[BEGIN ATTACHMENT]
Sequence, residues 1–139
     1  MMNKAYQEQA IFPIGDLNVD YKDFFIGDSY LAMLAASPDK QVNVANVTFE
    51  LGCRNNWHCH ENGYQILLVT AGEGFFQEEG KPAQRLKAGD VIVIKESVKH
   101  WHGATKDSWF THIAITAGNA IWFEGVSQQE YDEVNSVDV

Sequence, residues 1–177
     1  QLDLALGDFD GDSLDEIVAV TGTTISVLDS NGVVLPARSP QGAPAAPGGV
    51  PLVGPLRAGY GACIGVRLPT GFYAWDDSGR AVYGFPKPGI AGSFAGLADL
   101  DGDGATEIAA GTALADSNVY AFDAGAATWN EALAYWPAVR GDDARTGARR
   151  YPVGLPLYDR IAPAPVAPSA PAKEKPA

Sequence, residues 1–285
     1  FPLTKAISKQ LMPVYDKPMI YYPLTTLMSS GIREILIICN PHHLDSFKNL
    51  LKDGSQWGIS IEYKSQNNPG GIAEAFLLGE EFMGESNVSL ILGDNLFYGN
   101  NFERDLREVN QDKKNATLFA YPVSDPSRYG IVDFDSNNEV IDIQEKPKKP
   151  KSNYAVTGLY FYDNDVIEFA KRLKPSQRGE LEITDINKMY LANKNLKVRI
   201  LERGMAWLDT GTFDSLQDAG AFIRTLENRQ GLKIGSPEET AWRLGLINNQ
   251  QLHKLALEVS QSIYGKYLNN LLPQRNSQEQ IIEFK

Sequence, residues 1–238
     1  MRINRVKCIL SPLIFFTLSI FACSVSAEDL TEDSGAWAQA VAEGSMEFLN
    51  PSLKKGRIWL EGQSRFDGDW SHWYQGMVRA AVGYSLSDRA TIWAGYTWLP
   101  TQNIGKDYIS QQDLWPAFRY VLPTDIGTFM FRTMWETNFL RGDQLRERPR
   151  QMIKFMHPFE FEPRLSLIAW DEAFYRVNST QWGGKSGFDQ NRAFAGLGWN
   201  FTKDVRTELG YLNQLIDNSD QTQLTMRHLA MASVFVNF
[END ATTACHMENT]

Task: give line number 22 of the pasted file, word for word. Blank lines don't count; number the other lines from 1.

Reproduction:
   201  FTKDVRTELG YLNQLIDNSD QTQLTMRHLA MASVFVNF